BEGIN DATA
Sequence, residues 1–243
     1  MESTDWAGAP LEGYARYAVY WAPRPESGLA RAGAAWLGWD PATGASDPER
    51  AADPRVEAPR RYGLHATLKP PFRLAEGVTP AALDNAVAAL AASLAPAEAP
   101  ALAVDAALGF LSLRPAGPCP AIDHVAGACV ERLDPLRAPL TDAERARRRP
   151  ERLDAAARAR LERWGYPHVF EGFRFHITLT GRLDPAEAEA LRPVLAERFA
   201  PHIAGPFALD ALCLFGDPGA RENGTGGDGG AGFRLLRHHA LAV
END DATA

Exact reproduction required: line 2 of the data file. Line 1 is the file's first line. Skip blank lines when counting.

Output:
     1  MESTDWAGAP LEGYARYAVY WAPRPESGLA RAGAAWLGWD PATGASDPER